Brexit blamed for unsafe meat and America Swine Fever

Boris Johnson discusses partygate and Brexit three years on

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Poor post-Brexit border checks are making way for unsafe meat into the UK, claims industry experts as they worry about American Swine Fever. Britain was supposed to introduce its own “sanitary and phytosanitary” post Brexit border checks on fresh food in July last year.

However, the plan was then scrapped by Brexit Opportunities minister Jacob Rees-Mogg in April.

Since Brexit occurred two years ago, the checks to guarantee animal and plant health have been delayed four times.

They are currently not due to be implemented until the end of 2023.

According to the experts, their absence has left a “glaring hole” for unscrupulous businesses or criminals to exploit, and in one example point to a van load of unrefrigerated pork that was due to be delivered around Britain.

The British Meat Processors Association told i news it is particularly worried about imported pork.

David Lindars, the association’s Technical Operations Director, told the publication: “We are concerned about the potential spread of African Swine Fever.

“We are hearing anecdotally of white vans arriving from parts of Eastern Europe full of meat being sold in local markets.

“That meat shouldn’t be coming here. I was talking to the National Food Crime Unit and I asked them can you show me some evidence.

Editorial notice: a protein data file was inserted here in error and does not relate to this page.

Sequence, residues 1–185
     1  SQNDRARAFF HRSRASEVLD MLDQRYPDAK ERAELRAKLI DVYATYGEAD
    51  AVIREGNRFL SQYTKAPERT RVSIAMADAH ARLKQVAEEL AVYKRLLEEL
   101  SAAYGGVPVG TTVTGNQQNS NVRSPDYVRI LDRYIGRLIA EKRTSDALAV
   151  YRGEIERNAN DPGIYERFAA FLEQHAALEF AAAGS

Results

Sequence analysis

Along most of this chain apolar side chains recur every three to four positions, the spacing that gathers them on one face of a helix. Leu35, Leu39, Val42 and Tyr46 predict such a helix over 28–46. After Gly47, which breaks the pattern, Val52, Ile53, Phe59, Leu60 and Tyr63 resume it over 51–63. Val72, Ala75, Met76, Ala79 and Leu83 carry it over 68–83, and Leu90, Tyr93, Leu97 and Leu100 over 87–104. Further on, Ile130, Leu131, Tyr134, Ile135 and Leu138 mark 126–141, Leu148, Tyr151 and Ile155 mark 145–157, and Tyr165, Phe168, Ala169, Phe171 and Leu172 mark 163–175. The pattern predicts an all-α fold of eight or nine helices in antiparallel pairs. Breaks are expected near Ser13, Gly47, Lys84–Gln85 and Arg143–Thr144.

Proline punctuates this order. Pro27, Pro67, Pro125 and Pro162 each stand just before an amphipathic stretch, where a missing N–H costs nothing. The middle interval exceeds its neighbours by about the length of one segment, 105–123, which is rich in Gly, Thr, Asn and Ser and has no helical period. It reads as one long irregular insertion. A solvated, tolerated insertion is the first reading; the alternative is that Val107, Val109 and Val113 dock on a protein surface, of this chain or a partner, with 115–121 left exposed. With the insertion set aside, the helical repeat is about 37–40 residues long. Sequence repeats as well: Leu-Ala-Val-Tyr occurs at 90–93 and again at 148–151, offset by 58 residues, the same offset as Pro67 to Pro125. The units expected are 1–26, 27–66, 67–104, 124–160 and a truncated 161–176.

“At the last meeting two weeks ago we were shown photos from a coordinated stop at a couple of ports.

“One van had a chest freezer that wasn’t plugged in full of pork with delivery addresses.”

Mr Lindars also claimed that the vans are coming from areas where African Swine Fever cases have been detected.

New checks, making more use of technology, would come in, but not until “the end of 2023”.

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Nick Allen, CEO of the British Meat Processors Association, added: “We need a modern, digital system and I hope the delays mean we do it in a more sophisticated way, but I rather fear we may not.”

Another leading food safety expert, Professor Erik Millstone, from the University of Sussex, told i that the current risk of food fraud is greater than ever.

He pointed to a major reduction in the level of government resources invested in food safety – funding for the Food Standards Agency fell by 51 per cent between 2009-2019, while the number of food standards staff at local authorities fell by 60 per cent.

He said: “The number of tests that the public sector can now do has been substantially reduced by government cuts, but then there’s the question of what are the retailers doing

“Are they testing animal DNA in the products on their shelves?”

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